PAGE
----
Folks. Folks out there! I’m overworked, overtaxed, underslept and colonized by hostile bugs once more. Not that I’m complaining. I should be, but for some reason I’m happy with my crap condition, cheerful despite the paperwork, the meetings, the mucus, the two a.m. staring into semi-darkness from my pillow. How in god’s name is this situation juicing up my endorphins? It may be the season, which, despite being slow in arrival and colder than ten slushies dumped in my bath, always regresses me back to adolescence. It’s a little local infraction of the second law of thermodynamics. Every Spring I unstir the tapioca back out of the pudding, and the yokel inside me stands agog (the rube inside me’s too drunk to care, and the cynic thinks it’s a trick).
I don’t really drop a few years: still at 33, with the slight but stubborn love handles, the body hair creep, the radiant lines at the eye’s outer vertex. I just act like I’m eighteen and can abuse my body all I want. 3 AM house party? Sure! Long-abandoned drug? Hell, just this once. So it was that I ended up Friday night drinking absinthe with a bunch of lawyers and up ‘n’ coming neoconservative power politicians. Elsewhere like-minded people were meeting in bohemian apartments and swank pads, drinking wine or flapping their bodies around to a DJ. I got a bunch of hemi-demi-intellects watching Tivo’d baseball games and spilling absinthe flames on the countertop. I tried to escape into those green anisette fumes (because I swear, absinthe seems to vaporize the instant it hits your stomach, rushing into your lungs and sinuses, leaking out your tear ducts and quite possibly fumigating your cerebral cortex) but they kept asking me questions, all of which were really one of two questions: So you’re a documentary filmmaker, hey? And isn't that cool?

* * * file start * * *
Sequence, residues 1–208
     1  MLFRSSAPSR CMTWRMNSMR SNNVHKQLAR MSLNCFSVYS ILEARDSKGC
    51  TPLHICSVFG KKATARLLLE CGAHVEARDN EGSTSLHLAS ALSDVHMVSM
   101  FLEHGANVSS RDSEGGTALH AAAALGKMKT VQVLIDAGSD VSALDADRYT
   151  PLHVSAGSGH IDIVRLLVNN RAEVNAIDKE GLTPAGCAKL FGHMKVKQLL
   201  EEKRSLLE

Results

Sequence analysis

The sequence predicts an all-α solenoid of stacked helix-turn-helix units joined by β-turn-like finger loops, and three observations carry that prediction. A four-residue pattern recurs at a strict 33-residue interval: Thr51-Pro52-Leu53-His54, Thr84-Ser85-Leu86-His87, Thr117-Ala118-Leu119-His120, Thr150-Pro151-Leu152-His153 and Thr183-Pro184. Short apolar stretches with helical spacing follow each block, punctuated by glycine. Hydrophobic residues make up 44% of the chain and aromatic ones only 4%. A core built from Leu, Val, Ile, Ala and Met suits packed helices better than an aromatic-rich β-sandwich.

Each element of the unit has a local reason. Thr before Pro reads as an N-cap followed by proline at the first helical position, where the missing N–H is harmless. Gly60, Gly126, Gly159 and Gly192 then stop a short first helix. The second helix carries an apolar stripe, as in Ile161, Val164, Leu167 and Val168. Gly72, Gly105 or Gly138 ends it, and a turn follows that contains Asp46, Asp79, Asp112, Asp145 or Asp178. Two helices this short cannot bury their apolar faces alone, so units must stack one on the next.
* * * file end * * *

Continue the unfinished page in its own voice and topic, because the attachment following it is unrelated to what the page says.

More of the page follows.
I tried to tell them that what they were thinking of - a Michael Moore, an Erroll Morris - was a long way from what I was, which is a producer for a documentary television series. I’m not the guy, I told them, who runs out with a camera to interrogate the public (like I used to be); I’m the guy in the office who signs purchase orders, breaks down scripts and hovers over the shooting schedule. I’m not intrepid; I’m management. It turned out that they didn’t care. These people inhabited the corporate world of managers and meetings, where no shame is attached to phrases like team player or the one I can't bring myself to write (involves boxes). For them, I embodied the kick-ass cool end of management. They understood film and television as a business with a cultural product, some of it trash, some of it art. Which made me a trash artist, an adept at manipulating resources (money and people) to the ends of entertainment. Which is to say, the entertainment of lawyers. If I’d been an actual artist they would never have let me at their absinthe.
So let it be known: I’m a trash artist whore for Eurotrash drinks. Pass it on. I’m available for conventions and parties.